Every morning I saw the same statue. I guess she never got to see me from its lofty height. Of course, she knew who I was. From the most basic elementary school I was taught that man - now conjured in bronze - had been the founder of my hometown. Don Gonzalo Jiménez de Quesada stood out in that legion of Spanish heroes who conquered the - supposedly - naive and wild Latin America. I saw the statue so many times, I stopped seeing it. Years later, and from one night to the next, the pedestal that held the Andalusian began to become the favorite place for graffiti alluding to social causes and soccer team shields. For years I also witnessed the hard - and useless - work of expert conservationists, who at a very high cost - chemicals for cleaning statues are extremely dangerous - periodically removed the ink and paint inscriptions; which took longer to erase than to reappear. The symbolic battle was settled when the University of the Rosary decided to surround the statue with a populated garden to prevent the heritage object from being "affected". And it worked.
There are no harmless statues. And much less when they portray the former leaders of political, social or economic feats; which as we know these days, age very badly. The case of Jiménez de Quesada is no exception. The sculpture contains at least two controversial symbols - seen in the light of the new times -: a sword which, in turn, insinuates a cross on its handle. Religion and force (as well as disease and traps) were the bastions on which the powerful Spanish empire was built in this hemisphere. Symbols that for centuries made up what was considered a hegemonic and accepted culture: the Hispanic community. However, it was thanks to the graffiti that I was able to learn that in one way or another - that version of official history embodied a possible confrontation. The disrespect for the symbol made it relocate into a new discussion. The statue, which had become invisible, came back to life when it was attacked.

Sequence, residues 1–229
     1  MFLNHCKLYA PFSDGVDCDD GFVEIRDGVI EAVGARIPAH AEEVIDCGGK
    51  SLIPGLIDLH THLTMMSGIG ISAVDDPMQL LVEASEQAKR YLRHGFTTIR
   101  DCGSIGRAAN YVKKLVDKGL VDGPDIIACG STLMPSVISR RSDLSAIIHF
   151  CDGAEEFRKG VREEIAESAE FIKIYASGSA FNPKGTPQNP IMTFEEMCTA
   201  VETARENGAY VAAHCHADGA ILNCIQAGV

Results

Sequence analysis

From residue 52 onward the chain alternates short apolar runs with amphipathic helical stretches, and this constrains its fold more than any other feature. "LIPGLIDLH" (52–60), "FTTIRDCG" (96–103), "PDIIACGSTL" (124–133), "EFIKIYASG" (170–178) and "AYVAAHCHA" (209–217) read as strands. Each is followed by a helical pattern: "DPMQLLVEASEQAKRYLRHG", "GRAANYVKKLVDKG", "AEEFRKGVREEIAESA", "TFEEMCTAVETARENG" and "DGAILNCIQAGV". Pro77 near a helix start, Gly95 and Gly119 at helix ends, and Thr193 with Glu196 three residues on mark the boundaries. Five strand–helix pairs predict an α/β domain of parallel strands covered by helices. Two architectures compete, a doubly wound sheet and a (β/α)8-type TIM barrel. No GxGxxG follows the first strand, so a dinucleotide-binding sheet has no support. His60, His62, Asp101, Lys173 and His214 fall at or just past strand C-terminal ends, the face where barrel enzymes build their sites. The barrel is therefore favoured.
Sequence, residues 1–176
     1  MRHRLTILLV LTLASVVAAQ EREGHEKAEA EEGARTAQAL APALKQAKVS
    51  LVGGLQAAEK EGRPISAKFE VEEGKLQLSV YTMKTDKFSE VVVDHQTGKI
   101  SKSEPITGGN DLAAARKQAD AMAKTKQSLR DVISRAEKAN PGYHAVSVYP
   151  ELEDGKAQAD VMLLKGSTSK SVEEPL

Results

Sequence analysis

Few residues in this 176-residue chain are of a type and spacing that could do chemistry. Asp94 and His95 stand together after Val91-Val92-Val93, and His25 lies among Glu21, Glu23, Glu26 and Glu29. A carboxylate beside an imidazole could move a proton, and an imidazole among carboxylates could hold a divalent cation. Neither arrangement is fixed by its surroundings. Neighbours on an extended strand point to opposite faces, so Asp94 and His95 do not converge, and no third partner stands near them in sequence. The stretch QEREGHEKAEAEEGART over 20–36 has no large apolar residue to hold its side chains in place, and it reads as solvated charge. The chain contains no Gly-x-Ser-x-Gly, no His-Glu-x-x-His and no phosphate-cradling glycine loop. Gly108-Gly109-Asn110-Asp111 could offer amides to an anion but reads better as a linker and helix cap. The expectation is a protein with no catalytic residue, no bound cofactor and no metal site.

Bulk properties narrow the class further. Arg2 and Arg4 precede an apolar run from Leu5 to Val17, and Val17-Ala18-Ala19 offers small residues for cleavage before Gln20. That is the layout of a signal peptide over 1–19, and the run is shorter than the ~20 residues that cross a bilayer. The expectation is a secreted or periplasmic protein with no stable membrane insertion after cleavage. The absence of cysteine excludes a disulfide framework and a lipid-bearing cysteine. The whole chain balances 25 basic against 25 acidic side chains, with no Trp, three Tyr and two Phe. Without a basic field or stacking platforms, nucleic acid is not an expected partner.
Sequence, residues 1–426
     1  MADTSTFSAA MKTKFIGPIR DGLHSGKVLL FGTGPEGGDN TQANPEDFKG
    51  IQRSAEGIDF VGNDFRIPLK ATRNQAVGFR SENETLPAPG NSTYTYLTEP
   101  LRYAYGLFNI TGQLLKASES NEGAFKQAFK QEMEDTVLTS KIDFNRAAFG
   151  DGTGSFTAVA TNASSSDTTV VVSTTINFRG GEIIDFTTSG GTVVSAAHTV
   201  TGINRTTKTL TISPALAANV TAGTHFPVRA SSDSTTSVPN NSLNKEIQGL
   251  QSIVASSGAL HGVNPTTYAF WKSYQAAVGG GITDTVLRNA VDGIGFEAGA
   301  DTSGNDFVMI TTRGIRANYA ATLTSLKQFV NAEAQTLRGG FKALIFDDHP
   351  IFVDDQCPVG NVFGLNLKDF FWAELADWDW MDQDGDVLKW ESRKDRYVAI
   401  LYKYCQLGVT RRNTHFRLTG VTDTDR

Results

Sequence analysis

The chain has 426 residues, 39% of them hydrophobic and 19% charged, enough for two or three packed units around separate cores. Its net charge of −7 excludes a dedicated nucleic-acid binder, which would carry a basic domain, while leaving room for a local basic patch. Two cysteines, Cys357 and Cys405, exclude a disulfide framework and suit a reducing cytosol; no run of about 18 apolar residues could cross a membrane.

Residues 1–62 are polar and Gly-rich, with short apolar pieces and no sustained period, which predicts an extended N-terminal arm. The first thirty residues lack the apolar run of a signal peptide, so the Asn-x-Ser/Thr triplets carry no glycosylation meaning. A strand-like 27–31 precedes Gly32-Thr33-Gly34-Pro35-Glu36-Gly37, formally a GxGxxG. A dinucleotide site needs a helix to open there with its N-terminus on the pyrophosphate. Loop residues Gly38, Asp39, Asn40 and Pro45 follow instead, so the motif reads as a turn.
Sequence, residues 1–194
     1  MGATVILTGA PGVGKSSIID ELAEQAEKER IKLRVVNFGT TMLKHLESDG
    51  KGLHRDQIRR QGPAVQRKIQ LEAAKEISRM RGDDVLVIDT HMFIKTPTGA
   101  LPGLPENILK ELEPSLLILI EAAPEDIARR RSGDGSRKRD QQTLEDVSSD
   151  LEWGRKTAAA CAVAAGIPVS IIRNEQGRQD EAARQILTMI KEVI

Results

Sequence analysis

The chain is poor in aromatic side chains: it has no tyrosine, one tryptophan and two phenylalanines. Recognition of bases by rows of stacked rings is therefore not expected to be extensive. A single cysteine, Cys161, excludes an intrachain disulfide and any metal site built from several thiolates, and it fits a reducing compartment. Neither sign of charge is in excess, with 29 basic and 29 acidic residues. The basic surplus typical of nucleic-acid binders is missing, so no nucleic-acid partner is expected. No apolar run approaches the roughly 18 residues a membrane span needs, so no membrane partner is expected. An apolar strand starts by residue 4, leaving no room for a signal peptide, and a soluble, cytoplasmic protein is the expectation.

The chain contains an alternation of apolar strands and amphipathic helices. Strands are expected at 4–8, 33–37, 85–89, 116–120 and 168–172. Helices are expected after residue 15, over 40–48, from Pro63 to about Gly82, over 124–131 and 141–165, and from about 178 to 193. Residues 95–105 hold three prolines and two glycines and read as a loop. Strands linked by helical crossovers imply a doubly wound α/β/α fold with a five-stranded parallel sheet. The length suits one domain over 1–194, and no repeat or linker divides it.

This rebirth was also exacerbated by the fact that the statue was located in public space. Full center of Bogota. A natural setting for the emotional tensions of each and every one: where a dialogue -often unconscious- between passers-by is represented. Inhabiting public space -in itself- is a form of expression. This is also the place chosen by the spokesmen of history to reaffirm the stories and presumable versions; from visual impositions that include architecture, monuments and statues. For centuries, these objects were considered untouchable, as if "contacting" them would cause the potential disappearance of a memory worth preserving. We now know that this is not true. Humberto Eco, in his History of Beauty, states that it was the Greeks who conceived certain artistic forms from their contemplative nature; that is, from the distant relationship between the observer and the artistic object. A fair example of the so-called Apollonian beauty. It is forbidden to touch.